The Himalayan Marmots come across as just the right species you may want to cuddle in bed to stay warm in the cold climes of Ladakh. But these mammals belonging to the squirrel family are swift to retreat into their burrows at the slightest hint of human approach. Even if their squat body and short stocky limbs suggest limited athletic prowess.
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I have come across Marmots beyond Khardungla Pass on the way to Nubra valley and on the way to Tso Moriri, only catching fleeting glimpses through my camera lens. However, one set of five decided some publicity may be good for them and put on a show for me. About fifteen miles from Pangong Tso on the way back to Leh.
All it needed were some bananas to win them over. It was a treat watching them peel and eat these, even fighting over the pieces. Food made them romantic as they smooched each other and huddled together, and friendly too with two of them trying their best to snuggle up my legs. Not sure if they could hurt made me look a bit apprehensive, until a passing local driver told me they were harmless. A guide told me later that this is the only known spot in Ladakh where the Marmots act friendly, only because they know passing travellers will feed them goodies. Adding variety to their diet comprising predominantly of grasses and herbs. Smart, very smart.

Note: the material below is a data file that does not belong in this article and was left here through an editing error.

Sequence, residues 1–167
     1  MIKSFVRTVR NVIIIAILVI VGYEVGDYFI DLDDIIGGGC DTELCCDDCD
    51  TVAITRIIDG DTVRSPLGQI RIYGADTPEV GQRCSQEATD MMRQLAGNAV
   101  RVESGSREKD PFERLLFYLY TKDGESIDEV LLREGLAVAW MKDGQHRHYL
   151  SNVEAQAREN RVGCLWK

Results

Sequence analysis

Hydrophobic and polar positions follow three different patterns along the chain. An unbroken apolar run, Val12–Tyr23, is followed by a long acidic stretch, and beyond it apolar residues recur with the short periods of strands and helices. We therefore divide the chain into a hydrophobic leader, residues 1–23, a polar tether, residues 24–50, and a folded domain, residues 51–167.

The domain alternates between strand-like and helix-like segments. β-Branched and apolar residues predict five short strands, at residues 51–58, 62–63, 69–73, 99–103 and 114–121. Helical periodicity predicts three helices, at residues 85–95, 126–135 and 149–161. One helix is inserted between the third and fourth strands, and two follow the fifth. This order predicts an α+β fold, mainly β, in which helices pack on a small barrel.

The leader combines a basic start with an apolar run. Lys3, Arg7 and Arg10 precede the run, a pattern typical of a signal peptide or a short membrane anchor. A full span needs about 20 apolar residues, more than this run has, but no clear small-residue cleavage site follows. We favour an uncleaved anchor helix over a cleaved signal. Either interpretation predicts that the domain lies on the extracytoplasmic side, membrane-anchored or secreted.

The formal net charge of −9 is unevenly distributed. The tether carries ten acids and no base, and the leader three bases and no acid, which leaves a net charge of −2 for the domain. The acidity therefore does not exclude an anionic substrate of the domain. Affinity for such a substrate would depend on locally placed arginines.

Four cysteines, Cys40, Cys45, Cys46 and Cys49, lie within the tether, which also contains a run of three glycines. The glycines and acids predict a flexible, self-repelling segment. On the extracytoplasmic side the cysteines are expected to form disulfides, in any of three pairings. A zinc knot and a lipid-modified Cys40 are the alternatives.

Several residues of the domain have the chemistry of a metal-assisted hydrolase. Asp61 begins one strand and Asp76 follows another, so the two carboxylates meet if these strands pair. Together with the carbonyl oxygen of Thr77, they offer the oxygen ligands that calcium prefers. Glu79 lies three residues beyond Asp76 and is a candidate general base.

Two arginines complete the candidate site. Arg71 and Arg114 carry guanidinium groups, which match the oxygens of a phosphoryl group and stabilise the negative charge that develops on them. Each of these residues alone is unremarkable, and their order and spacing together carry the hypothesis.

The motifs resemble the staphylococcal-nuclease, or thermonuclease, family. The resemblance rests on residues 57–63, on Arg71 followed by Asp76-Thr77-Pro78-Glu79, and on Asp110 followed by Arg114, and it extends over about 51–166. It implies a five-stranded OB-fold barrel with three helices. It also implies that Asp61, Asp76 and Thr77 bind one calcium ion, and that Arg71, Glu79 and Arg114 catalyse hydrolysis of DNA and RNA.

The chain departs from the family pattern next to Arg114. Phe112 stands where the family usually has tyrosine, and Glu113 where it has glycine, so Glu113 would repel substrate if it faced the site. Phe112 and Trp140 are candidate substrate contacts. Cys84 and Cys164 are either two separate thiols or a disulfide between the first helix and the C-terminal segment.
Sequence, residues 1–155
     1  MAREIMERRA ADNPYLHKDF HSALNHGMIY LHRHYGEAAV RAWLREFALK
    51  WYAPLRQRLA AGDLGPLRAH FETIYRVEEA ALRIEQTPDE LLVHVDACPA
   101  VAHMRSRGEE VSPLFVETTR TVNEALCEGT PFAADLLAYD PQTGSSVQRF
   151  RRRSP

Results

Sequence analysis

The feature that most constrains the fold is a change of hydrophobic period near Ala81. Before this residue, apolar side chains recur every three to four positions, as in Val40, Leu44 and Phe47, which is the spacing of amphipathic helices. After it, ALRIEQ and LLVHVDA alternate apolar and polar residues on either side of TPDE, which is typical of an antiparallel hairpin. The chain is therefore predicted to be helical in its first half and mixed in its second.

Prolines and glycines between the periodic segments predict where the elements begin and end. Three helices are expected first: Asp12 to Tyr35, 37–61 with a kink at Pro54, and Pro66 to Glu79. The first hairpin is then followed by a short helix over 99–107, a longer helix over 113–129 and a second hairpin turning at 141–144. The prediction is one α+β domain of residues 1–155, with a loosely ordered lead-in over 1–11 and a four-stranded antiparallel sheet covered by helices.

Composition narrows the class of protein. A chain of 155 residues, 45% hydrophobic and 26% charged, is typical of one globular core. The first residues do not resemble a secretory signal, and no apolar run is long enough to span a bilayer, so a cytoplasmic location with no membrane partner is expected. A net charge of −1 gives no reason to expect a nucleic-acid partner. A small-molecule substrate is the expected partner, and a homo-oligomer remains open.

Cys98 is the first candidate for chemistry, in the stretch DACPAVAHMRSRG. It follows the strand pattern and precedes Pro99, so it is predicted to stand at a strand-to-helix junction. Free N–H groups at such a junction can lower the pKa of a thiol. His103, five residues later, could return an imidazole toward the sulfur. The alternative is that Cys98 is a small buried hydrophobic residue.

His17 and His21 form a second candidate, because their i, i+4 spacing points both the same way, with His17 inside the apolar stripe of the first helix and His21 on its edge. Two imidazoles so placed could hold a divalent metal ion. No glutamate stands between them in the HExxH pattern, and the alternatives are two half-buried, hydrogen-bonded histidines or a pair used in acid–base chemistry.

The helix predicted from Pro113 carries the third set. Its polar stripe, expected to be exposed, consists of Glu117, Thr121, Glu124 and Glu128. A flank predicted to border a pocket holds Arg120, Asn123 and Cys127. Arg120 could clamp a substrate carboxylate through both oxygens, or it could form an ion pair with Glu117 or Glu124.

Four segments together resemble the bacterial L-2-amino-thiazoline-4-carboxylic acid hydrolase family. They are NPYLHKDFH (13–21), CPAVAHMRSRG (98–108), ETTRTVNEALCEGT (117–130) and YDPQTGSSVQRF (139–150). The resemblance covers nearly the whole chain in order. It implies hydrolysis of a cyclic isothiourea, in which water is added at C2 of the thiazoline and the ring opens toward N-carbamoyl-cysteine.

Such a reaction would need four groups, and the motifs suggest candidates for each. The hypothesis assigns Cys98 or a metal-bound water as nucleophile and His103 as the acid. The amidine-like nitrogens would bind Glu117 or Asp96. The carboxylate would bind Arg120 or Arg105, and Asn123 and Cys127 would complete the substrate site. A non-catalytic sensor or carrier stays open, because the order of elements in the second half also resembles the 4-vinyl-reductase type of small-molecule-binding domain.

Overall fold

Marmots hibernate for 6-7 months starting early October, staying huddling together in their hay covered and tightly closed burrows. They do not store food, losing about half their eight kilo body weight during the period.
Marmots are not easy to find along new road projects though; according to a forest official, a certain race of migratory workers from the state of Orissa eat everything that moves including Marmots. Ladakhis, even if they did earlier, have struck Marmots off their menus.
Enjoy Marmots in their natural habitat, but don’t expect wildlife laws to allow you to take them home.